*. As I said in my notes on The Neanderthal Man, what we’re dealing with here is the usual Jekyll and Hyde story, with the scientist who is transformed into a bestial, atavistic creature after being infected by the gamma-radiated blood of a coelacanth (honest!). It’s “evolution in reverse,” and there’s even a suggestion of sexual repression right from the opening lines of dialogue, with Dr. Blake standing over his girlfriend Madeline, whose face he is making a cast of: “There she is. Female in the perfect state: defenceless and silent.” She’ll be in that state again at the end.
*. But if Monster on the Campus is mostly stale and unexceptional, it does have a number of moments that make you raise an eyebrow. Like the first murder victim being hanged from a tree by her hair. Or like Madeline lying to the police about Blake’s whereabouts on the night of the murder and trying to get him to do the same, when in fact he is the murderer. Or the way Blake accidentally re-infects himself with the toxic blood by stabbing a giant dragonfly that had bitten the coelacanth and then having the blood from the dragonfly trip down into the bowl of his pipe, which he later smokes. Honest!

*. I love how the straw that breaks the administration’s back with Dr. Blake is when he makes an 88-minute long-distance call to Madagascar. That’s $400! He is told he has to go on leave after pulling a stunt like that.
*. I always enjoy campus movies that take us into the lecture hall. I can’t think of any that have struck me as being even remotely probable. It’s an interesting glimpse into what Hollywood thinks audiences believe university lectures are really like. This goes for both sciences and the humanities. Here’s how Dr. Blake wraps up his biology class: “Man is not only capable of change, but man alone, among all living creatures, can choose the direction in which that change will take place. In other words, man can use his knowledge to reduce all spiritual values and reduce the race to bestiality. Or he can use his knowledge to increase his understanding to a point far beyond anything now imaginable. Think it over. That’s all for today.”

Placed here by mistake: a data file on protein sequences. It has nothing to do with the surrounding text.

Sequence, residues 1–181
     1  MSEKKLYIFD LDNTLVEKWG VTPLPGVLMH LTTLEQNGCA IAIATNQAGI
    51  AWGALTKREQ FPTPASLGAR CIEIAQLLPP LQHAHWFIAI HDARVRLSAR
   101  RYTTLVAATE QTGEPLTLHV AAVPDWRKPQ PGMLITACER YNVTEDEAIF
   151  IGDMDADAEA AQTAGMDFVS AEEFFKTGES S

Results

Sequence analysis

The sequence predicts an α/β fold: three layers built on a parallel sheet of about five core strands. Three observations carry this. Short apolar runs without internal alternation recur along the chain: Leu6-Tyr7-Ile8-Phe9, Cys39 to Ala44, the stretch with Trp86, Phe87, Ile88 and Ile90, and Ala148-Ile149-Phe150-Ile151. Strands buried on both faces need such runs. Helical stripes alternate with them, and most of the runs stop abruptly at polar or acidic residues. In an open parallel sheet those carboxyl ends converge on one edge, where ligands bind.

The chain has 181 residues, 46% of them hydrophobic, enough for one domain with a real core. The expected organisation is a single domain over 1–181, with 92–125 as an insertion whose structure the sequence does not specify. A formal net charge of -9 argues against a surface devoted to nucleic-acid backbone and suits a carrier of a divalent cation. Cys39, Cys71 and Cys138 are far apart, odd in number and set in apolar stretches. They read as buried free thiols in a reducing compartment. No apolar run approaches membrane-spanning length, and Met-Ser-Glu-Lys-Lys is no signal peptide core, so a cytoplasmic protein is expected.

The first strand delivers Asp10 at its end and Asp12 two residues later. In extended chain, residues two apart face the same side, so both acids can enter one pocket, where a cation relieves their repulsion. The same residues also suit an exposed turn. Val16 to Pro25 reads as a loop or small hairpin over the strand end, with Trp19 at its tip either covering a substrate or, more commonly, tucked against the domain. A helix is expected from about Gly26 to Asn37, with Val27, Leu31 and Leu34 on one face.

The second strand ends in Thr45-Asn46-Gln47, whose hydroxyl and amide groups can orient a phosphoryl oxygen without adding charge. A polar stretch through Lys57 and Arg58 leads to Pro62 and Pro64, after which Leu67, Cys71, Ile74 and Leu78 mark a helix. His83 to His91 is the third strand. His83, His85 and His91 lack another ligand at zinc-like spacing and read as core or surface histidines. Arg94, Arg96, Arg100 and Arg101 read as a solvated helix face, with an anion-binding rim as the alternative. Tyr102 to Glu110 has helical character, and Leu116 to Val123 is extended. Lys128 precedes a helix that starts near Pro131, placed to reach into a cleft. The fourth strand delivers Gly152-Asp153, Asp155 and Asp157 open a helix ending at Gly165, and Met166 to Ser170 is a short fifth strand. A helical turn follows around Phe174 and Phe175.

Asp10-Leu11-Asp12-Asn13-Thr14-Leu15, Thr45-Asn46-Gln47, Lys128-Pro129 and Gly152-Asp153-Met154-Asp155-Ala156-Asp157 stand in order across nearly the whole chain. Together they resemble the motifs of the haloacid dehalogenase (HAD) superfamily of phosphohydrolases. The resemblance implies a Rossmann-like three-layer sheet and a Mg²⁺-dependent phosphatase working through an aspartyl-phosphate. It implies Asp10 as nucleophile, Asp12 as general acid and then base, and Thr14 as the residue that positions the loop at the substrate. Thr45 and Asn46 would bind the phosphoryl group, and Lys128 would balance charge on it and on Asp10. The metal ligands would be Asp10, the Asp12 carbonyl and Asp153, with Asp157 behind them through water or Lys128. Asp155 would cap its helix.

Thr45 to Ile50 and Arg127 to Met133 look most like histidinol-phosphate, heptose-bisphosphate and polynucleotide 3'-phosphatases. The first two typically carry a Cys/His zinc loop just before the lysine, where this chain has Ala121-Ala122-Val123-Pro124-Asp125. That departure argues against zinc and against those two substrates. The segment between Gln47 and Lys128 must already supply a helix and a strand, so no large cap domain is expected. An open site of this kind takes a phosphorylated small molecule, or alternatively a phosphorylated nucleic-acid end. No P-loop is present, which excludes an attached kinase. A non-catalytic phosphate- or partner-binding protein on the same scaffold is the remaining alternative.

*. Directed by Jack Arnold. Not one of his more celebrated credits, as he would admit. My own feeling is that Arnold could do good work with good material, but he was no magician. Apparently he shot this in twelve days, and from the looks of it that was plenty of time.
*. Well, it was cheap and shot quickly and didn’t have a script that makes much sense, even given its crazy premise. Nevertheless, it does have a weird-looking fish with radioactive blood and a giant dragonfly and a guy in an ape mask. It’s a joke, but at least it’s not dull.

Macbeth (2005)

*. This adaptation of Macbeth is part of the BBC’s ShakespeaRe-Told line-up of four of the bard’s most popular plays. The tetralogy consists of Much Ado About Nothing, Macbeth, A Midsummer Night’s Dream, and The Taming of the Shrew.
*. Now which of one of those plays is not like the others? Well, they all have their unique qualities but Macbeth is the only tragedy while the other three are all comedies. And early comedies at that.
*. There’s a bit of a challenge here then, because while Macbeth has been adapted many times in modern settings the spirit of these ShakespeaRe-Told productions is far lighter. Just take the set-up here. Joe Macbeth (James McAvoy) is a chef in an upscale eatery that I believe is supposed to be in Glasgow. The culinary setting recalls the Britcom Chef! from the 1990s, so we’re already primed for some laughs. Ella (Keeley Hawes) is Joe’s wife (she “has massive bollocks” and sings “Lord won’t you buy me a Mercdes Benz”), while Billy Banquo is a fellow chef. Duncan is the owner of the establishment, where his two sons also work.
*. One night Joe and Billy are met by three bin men taking away the garbage in the alley behind the restaurant. They make some enigmatic pronouncements on the future of both chefs and then drive off. Macbeth and his wife decide to kill Duncan and take over the restaurant, and soon find themselves wading into blood so deep there’s no going back. Finally, Macbeth is killed by Macduff when a seemingly impossible prophecy comes true.